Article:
Incoming Payments Fraud Poses ‘Silent Threat’ to Bottom Lines – PYMNTS.com

Put up $2, and you can score $100 million. Incoming payments are the new attack vector.  
And as nsKnox Chief Operating Officer Nithai Barzam and Ansys Corporate Controller Bob Bonacci told PYMNTS’ Karen Webster, accounts receivable departments are especially vulnerable to financial fraud.
First thing’s first. Payments fraud, of course, runs both ways: Every scheme designed to trick companies into sending outgoing payments to someone who isn’t who they say they are is someone else’s incoming payments fraud problem.  
Most employees know by now not to click on the incoming email supposedly from the CEO that looks just a bit off, that request payments go out the door immediately. But as Barzam said, as fraudsters go online and buy some of the most basic details on the dark web — names, addresses, emails and passwords, often for just a few dollars — they’re finding new and novel ways to infiltrate unsuspecting and unprepared enterprises.
As Barzam said, all it takes is a fraudster (a rogue employee or an outsider) to get a hold of an employee’s email — and then they can use that address to send emails to vendors, informing them that banking details have been changed, and the money disappears never to be seen again.  
“They don’t even need to use ChatGPT capabilities to start writing emails like you,” Barzam told Webster of the fraudsters’ ploys. “They’ll be familiar with the invoices you’ve received and processed or sent out with a lot of details.” Even an enterprise’s cautious customers — who send requests for verification or additional details — can be duped.
It’s a devastatingly simple but effective ploy, especially when sent to hundreds and even thousands of vendors.  
And, noted Barzam and Bonacci, there’s a nebulous gray area about who’s to blame when incoming payments fraud occurs: Is it the company who had their email system breached or the customer who might get some finger-pointing for not checking properly? There are no regulations (yet) governing liability, and the mistrust that’s sown out there in the field might be enough to hamper firms’ ability (or interest in) expanding as globally as they might have envisioned.
Asked by Webster just how big the problem is, both panelists summed up incoming payments fraud simply: It’s a huge problem.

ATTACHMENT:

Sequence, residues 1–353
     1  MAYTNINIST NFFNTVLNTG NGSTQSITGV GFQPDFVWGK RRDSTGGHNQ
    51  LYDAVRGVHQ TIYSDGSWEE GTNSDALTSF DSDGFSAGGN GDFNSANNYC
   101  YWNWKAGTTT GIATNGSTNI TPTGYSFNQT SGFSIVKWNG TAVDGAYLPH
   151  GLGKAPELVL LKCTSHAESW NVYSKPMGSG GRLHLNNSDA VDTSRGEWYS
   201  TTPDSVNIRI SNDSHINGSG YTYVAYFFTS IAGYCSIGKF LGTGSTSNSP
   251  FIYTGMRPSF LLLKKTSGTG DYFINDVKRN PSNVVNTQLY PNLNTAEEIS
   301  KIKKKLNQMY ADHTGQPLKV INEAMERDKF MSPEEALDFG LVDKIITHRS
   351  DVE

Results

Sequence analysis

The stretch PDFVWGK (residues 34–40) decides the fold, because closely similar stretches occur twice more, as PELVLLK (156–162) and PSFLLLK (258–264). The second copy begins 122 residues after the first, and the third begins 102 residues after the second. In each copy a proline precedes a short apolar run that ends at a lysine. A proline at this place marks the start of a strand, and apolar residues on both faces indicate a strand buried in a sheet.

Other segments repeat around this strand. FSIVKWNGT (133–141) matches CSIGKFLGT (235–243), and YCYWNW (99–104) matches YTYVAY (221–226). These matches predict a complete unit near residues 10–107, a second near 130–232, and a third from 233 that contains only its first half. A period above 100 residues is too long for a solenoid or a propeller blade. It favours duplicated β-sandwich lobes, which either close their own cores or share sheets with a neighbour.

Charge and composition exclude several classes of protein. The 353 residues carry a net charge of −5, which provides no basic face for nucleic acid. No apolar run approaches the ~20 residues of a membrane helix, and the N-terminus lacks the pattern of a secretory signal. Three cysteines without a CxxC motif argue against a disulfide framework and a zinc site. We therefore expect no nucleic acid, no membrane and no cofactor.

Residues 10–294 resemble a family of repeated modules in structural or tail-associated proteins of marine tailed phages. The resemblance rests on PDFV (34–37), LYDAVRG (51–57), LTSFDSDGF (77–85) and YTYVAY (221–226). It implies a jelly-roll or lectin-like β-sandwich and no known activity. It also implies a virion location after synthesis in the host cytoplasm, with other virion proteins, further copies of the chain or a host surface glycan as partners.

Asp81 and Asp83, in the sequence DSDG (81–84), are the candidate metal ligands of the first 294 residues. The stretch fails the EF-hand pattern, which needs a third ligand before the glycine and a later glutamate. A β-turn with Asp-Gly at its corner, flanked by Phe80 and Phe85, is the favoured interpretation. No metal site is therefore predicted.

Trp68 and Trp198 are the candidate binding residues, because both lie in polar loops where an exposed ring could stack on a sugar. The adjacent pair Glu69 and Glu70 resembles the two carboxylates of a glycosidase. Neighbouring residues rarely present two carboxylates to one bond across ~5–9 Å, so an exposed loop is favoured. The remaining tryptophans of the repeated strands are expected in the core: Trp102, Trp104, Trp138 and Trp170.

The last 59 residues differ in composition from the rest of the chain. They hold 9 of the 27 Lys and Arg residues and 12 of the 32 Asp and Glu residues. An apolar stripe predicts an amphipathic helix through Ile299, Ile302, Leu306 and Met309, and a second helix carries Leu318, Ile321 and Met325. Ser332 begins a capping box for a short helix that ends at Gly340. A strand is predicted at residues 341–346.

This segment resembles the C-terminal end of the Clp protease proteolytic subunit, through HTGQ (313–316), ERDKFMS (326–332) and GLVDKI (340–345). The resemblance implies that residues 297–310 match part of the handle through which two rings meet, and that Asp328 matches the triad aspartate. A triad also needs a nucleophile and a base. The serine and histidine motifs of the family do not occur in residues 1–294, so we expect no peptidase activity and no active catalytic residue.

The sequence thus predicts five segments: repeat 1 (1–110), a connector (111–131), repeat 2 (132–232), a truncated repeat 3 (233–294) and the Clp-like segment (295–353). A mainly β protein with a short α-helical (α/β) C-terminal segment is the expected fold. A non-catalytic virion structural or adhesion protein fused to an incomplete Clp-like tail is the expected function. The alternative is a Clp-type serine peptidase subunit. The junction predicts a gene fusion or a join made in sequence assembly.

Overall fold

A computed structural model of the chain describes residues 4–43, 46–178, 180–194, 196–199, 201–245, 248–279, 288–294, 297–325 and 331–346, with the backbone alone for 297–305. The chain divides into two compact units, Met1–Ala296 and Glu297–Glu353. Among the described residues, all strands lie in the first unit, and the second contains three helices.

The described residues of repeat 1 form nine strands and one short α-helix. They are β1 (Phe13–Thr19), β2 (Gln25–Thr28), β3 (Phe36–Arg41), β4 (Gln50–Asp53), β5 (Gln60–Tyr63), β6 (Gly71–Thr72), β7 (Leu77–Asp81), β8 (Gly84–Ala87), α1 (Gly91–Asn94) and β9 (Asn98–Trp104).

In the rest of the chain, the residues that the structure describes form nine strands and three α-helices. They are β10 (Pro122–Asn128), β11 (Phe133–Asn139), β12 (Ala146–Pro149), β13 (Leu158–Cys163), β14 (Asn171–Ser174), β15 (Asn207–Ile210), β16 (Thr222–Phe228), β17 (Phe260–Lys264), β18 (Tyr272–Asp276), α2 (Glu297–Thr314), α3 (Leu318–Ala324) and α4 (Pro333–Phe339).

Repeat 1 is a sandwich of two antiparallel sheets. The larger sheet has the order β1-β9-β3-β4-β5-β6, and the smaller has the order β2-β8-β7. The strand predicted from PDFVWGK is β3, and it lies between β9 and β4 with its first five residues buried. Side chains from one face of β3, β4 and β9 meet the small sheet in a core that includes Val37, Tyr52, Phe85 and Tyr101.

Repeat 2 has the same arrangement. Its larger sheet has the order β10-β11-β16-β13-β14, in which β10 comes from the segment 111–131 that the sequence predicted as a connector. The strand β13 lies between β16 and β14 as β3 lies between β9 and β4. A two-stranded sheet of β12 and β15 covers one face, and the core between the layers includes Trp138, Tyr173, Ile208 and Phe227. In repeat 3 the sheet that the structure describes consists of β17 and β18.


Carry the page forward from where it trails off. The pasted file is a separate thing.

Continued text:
And it’s a silent one.
The FBI stats show that losses tied to business email compromise scams run into the tens of billions of dollars.  
And the true scope of incoming payments fraud might be unknowable. The millions of dollars lost can permanently alter a company’s fortunes and operations.
“It’s much less visible than other fraud cases,” Barzam remarked. “The fraudsters will want to keep this as quiet as possible, so that they have as much time as possible to steal as much money as possible.” There are cases of incoming payments fraud that have lasted for years, he said.
In a bit of good news, there’s evidence that chief financial officers and fraud teams are rising to the challenge. PYMNTS data show that 85% of CFOs are shoring up their digital and tech defenses tied to incoming payments and accounts receivable processes.
Bonacci offered a deep dive into how his multinational firm, with more than $2 billion in global sales, has been tackling the issue.
“We’re continuously investing in different platforms in the cybersecurity and fraud space,” said Bonacci, “so that we can always improve the offensive and defensive tools in our toolbox. Incoming payments are certainly on our radar.” And, as he added, “our customers’ outgoing threat is our incoming threat.” In detailing some of his firm’s anti-fraud efforts, he said that Ansys no longer included banking details on invoices that are sent to customers. 
Instead, the company instructs its customers to validate banking information through one of nsKnox’s tools and through banking certificates.
“We’ve spent a lot of time with our vendors,” he said of the collaborative efforts, “trying to get them to work with us on procedures — and to help improve control environments.” 
There’s the need to conduct internal training and education to ensure that employees know what to look for, Bonacci said, and how to vet and onboard new vendors across several levels of verbal and platform-based digital verification.
“We make sure that we are contacting them from independent data that we already have in our files, and we’re not just responding to an email and we authenticate them by identifying at least two personal pieces of information,” said Bonacci. He added that in the back office, there’s also a “strict segregation of duties” so that entering data in the enterprise resource planning (ERP) system is independent of payables and receivable functions.
Barzam told Webster that the level of attention Ansys pays to incoming payments risk is not as widespread as it should be among other enterprises, especially those that want to expand geographically across the globe. In addition to providers including nsKnox, Barzam said that banks could play a role in helping client firms validate accounts and make sure, for example, the account in China or Germany is the right account. The panelists told Webster that advanced tools could help enterprises monitor whenever data related to customers and bank accounts are changed.
The battle to safeguard AR, they noted, will be an eternal one, involving everyone from the back office all the way up to the CEO – and will foster improved collaboration between enterprises and their counterparties. 
“It’s a people issue, a process issue and a systems issue,” said Barzam. 
And as Bonacci said: The first step in battling incoming payments fraud “is to realize that it’s not just some abstract threat. It can happen to any company.”
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